WASHINGTON — The number of women in Congress is likely to reach record highs after the Nov. 8 election, boosting female lawmakers to more than 20% of the House and Senate for the first time while also reflecting the continued difficulty of achieving equal representation.
The new record will be set despite the fact that Election Day results are likely to produce only modest increases in the overall numbers of women in Congress, reflecting slow change in the legislative branch at a time when the nation may be poised to elect its first female president.
"I think it's misleading if, after the election, we have a big, screaming headline that says 'record number of women in House and Senate’ when women are still less than 25% of Congress,” said Debbie Walsh, director of the Center for American Women and Politics at Rutgers University's Eagleton Institute of Politics. “The small increases we’re expecting are nothing to dance in the streets about."
Projections by the center show that the number of women in the 100-member Senate could rise from 20 to as high as 23 despite the retirement of two veteran Democratic women: Sens. Barbara Boxer of California, who has served for 24 years, and Barbara Mikulski of Maryland, who has served 30 years in the Senate and 10 in the House, making her the longest-serving woman in the history of Congress.
Among the female candidates — all Democrats — who are in close contests against male incumbents: Rep. Tammy Duckworth vs. Sen. Mark Kirk in Illinois; Katie McGinty vs. Pat Toomey in Pennsylvania; Deborah Ross vs. Richard Burr in North Carolina; and Ann Kirkpatrick vs. John McCain in Arizona. In addition, Democrat Catherine Cortez Masto is running against GOP Rep. Joe Heck in Nevada to replace departing Senate Democratic leader Harry Reid.
Two states have Senate races where both candidates are women. In New Hampshire, Republican Sen. Kelly Ayotte is facing a strong challenge from Democratic Gov. Maggie Hassan. In California, two Democratic women — Rep. Loretta Sanchez and state Attorney General Kamala Harris — are vying to replace Boxer.
In the 435-member House, the number of female members could increase by about a dozen, boosting the total from 84 to 96, according to an analysis by Kelly Dittmar, an assistant professor of political science and a scholar at the center.
A 2017 freshman class of a dozen women in the House would be just half of what it was in 1992, when 24 new women were elected in what was dubbed the "Year of the Woman." Still, it would be the fourth-largest female freshman class since 1976.
Dittmar, using recent ratings data from the non-partisan Cook Political Report, said the number of Republican women in the House "will almost certainly decline" due to retirements and defeats in the primary election contests. In contrast, she said, Democrats have many more female candidates heading into the Nov. 8 election.
EMILY's List, which supports Democratic women who favor abortion rights, and has become the most powerful single group in the nation for electing women to office, is backing nine female Senate candidates and 33 female House candidates in this year's election.
Women already make up nearly a third of Democratic senators and more than a third of Democratic House members. After this election, their clout in the Democratic caucus should be even greater, said Stephanie Schriock, president of EMILY's List.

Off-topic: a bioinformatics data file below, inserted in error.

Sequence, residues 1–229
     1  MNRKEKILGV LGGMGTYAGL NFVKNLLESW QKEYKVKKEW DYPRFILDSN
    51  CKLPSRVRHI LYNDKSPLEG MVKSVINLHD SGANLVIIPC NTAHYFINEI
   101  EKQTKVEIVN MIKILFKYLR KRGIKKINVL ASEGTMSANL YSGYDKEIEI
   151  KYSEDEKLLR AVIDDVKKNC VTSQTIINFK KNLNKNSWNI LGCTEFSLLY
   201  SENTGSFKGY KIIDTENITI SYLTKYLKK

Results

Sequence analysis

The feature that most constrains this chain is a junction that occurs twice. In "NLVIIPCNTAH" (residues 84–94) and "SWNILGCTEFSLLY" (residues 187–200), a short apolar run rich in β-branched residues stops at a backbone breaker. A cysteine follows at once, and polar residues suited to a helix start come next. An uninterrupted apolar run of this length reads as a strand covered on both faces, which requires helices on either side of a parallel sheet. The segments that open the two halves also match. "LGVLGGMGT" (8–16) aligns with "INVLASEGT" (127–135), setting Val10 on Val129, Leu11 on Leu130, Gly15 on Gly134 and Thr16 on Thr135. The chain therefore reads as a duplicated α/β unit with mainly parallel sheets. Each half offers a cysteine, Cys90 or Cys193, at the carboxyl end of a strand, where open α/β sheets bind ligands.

"For us, it has been years and years in the making to get to this point," said Schriock, noting that there were no Democratic women in the Senate in 1985 when the group was founded and only 11 Democratic women in the House.
Walsh said both political parties need to do more to recruit women candidates to run for Congress.
"When women run, they win at about the same rate as men," she said.
But women are less likely to be asked to run, Walsh said.
"The recruiters by and large are still men, and they tend to pick men who look like them," she said.
This year, 272 women filed to run for the House, which was down from the 2012 record of 298 women. Of those candidates, 167 women — 120 Democrats and 47 Republicans — won their primaries, barely more than the 2012 record of 166, according to Dittmar's research.
In the Senate, a record 40 women filed to run. Of those, 15 women — 11 Democrats and four Republicans — survived their primaries to become their party's nominee. That was down from 18 women nominees in 2012.
Another obstacle in recruiting women is that they tend to be the primary caregivers for children, Schriock said.
"Concerns about family and children are always a big part of the conversation," she said. "They'll ask: how am I going to manage this? What happens when I win?"
House Minority Leader Nancy Pelosi, D-Calif., the only woman ever to serve as speaker of the House, waited until the youngest of her five children was a senior in high school before running for Congress at the age of 47. Many women make that same choice, meaning they are often older than men when they run for elected office for the first time and have shorter political careers as a result, Walsh said.
Schriock said she hopes that will change with role models such as Sen. Kirsten Gillibrand, D-N.Y., who gave birth to her second son while serving in the House and went on to win election to the Senate. On the Republican side, Rep. Cathy McMorris Rodgers of Washington has given birth to three children while serving in Congress. She is chairwoman of the House Republican Conference, making her the highest-ranking Republican woman in the House.
"One of the reasons I'm so encouraging of women in their 20s to run for office is that they get in and realize that they can still have their families while they're serving," Schriock said. "It's a little less daunting if you're already in."
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